Sugary Sodas And Cereals May Get A New FDA Nutrition Label

By Steve Wynne-Jones
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Sugary Sodas And Cereals May Get A New FDA Nutrition Label

Cereal boxes, soda bottles and other packaged foods in the US could soon include labels explaining how their sugar content measures up against the recommended daily limit.

The proposal by the Food and Drug Administration (FDA) would expand on the agency’s decision last year to list added sugars on food labels, Susan Mayne, the director of the agency’s Center for Food Safety and Applied Nutrition, said in a blogpost.

Adding a percentage figure would tell consumers how the amount of added sugars fits into their recommended daily diet. For example, a 20-ounce sugar-sweetened beverage contains about 66 grams of added sugar, which would be listed on the labels as 132 per cent of the daily value, according to the blogpost. A Coca-Cola at that size has 65 grams, while a Pepsi has 69 grams.

The FDA plans to set the per-cent daily value based on an added-sugar limit of 50 grams for adults and children ages four and older, and 25 grams for children ages one to three. The proposal is based on the recommendation that consumers’ daily intake of calories from added sugar not exceed 10 per cent of total calories, according to a statement from the FDA. Lowering the amounts of sugar-sweetened foods and beverages is associated with a reduced risk of heart disease, the agency said.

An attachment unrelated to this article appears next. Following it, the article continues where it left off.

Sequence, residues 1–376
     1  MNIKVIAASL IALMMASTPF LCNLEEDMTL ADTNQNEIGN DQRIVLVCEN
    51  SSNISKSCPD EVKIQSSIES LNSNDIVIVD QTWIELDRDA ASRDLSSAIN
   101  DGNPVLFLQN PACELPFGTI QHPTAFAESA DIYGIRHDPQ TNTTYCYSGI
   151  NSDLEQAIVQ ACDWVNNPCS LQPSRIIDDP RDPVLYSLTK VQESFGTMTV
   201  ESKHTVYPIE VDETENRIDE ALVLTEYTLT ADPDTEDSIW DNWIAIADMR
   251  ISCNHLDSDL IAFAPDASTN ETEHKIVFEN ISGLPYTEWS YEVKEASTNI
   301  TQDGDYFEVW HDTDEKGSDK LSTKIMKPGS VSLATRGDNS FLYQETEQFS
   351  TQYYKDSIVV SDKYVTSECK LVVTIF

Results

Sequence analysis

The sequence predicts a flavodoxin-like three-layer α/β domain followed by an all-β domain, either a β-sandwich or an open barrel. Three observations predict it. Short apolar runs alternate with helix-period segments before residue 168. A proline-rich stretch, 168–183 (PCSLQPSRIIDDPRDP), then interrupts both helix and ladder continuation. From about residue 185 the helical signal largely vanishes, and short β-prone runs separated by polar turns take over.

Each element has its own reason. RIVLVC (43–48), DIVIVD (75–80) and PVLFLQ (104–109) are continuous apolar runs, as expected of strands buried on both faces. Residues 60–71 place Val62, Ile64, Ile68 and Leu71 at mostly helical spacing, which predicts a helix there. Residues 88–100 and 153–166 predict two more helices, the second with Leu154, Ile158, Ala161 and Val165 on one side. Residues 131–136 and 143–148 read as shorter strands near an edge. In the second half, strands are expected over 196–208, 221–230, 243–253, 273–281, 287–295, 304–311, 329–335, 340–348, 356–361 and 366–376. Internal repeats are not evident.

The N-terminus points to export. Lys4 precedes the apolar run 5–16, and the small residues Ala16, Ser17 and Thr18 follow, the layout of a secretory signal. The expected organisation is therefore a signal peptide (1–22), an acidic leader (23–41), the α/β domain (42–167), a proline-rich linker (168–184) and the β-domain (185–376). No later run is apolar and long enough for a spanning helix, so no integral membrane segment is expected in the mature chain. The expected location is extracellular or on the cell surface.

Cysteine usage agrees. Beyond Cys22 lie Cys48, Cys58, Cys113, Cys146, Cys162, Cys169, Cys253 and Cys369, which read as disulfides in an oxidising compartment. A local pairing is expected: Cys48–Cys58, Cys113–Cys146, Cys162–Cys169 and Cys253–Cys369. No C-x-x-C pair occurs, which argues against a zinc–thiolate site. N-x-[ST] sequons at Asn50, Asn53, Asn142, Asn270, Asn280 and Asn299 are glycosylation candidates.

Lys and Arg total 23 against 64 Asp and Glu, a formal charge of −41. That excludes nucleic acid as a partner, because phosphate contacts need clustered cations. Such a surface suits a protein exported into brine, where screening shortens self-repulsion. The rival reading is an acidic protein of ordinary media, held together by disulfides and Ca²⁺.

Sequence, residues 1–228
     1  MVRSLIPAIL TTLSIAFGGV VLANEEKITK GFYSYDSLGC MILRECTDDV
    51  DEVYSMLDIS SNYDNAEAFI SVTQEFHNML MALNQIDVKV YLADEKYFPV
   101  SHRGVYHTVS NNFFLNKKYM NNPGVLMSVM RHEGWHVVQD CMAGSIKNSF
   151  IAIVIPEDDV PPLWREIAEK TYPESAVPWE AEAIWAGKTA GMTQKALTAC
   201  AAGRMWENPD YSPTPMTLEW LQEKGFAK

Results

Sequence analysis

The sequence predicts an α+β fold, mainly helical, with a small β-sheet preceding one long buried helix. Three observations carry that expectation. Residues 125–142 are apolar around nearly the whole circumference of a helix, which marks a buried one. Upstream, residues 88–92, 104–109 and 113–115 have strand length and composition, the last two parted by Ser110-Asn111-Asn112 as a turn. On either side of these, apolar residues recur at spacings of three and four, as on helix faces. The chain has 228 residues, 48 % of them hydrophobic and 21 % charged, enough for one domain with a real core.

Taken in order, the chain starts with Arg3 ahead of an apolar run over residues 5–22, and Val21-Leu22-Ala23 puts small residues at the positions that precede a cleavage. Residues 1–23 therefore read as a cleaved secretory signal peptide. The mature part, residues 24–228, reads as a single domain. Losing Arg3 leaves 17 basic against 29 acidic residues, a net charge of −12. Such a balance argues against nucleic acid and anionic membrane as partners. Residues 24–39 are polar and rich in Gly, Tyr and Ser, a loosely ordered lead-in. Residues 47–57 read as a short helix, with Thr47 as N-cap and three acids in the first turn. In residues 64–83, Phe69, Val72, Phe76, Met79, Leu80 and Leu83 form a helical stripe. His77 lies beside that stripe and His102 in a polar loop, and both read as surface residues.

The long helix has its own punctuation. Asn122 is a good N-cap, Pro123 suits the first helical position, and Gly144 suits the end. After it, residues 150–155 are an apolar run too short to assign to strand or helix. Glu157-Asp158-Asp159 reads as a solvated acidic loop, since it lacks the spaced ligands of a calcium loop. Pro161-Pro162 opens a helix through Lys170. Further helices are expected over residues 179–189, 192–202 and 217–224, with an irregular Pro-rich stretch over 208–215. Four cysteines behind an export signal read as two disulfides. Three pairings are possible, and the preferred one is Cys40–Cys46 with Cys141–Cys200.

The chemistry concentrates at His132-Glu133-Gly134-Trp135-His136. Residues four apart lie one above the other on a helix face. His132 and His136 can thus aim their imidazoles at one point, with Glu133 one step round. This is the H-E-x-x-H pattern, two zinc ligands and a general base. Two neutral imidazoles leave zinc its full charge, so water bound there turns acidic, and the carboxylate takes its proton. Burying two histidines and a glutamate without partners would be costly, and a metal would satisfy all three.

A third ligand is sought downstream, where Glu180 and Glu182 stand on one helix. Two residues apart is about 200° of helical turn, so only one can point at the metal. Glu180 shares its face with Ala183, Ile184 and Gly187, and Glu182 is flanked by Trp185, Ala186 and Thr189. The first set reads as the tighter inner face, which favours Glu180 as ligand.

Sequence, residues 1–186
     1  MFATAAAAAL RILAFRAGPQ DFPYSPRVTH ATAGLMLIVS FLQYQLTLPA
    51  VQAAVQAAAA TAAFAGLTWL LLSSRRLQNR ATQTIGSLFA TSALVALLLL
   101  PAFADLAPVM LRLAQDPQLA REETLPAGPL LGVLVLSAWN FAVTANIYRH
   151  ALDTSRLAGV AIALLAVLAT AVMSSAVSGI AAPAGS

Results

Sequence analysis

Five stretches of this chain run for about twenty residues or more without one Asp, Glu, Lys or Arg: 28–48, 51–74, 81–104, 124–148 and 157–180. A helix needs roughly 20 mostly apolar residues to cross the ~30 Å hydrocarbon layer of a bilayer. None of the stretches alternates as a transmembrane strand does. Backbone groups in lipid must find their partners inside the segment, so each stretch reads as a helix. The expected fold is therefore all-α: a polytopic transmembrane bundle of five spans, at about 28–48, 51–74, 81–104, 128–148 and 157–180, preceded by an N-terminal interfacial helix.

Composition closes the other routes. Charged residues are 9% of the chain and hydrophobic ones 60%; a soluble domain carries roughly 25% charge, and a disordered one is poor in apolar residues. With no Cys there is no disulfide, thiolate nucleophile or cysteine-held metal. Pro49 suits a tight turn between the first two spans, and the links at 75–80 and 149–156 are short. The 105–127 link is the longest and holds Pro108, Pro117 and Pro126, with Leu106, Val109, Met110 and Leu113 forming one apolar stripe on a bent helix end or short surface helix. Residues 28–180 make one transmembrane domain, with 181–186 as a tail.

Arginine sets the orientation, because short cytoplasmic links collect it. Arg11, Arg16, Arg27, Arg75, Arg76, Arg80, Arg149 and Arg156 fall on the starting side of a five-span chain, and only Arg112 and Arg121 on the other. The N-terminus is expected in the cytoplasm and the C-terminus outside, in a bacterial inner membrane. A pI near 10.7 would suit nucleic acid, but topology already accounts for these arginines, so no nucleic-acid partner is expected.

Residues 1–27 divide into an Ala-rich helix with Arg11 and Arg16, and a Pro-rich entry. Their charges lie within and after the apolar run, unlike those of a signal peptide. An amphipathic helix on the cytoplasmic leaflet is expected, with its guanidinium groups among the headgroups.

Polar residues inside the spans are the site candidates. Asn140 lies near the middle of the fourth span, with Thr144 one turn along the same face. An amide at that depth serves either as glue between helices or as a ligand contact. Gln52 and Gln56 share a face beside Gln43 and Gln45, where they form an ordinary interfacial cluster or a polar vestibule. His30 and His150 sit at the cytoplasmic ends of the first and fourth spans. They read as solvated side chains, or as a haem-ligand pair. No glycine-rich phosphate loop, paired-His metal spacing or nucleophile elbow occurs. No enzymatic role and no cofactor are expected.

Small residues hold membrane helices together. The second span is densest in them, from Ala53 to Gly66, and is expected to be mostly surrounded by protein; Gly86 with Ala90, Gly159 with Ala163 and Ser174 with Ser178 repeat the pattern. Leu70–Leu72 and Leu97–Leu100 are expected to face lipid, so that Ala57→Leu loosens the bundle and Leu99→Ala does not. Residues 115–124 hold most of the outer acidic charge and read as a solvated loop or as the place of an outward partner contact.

Following Through


“For the past decade, consumers have been advised to reduce their intake of added sugars, and the proposed per-cent daily value for added sugars on the Nutrition Facts label is intended to help consumers follow that advice,” Mayne said in the statement.

In response to the move, the sugar industry’s trade group said that the proposal lacks “adequate scientific evidence”.

“The fact is that the preponderance of science and the data on caloric sweeteners do not support a suggested limit on sugars intake,” the Sugar Association said in an emailed statement.

The Grocery Manufacturers' Association echoed the sugar industry in an emailed statement, insisting that the FDA base intake levels on “an independent, rigorous, scientific process”.


The FDA made the decision after US advisors helping shape the nation’s dietary guidelines recommended that Americans eat less added sugar. The advisors submitted a report in February that said that evidence shows that diets high in red meat and added sugar were “detrimental”.

News by Bloomberg, edited by ESM

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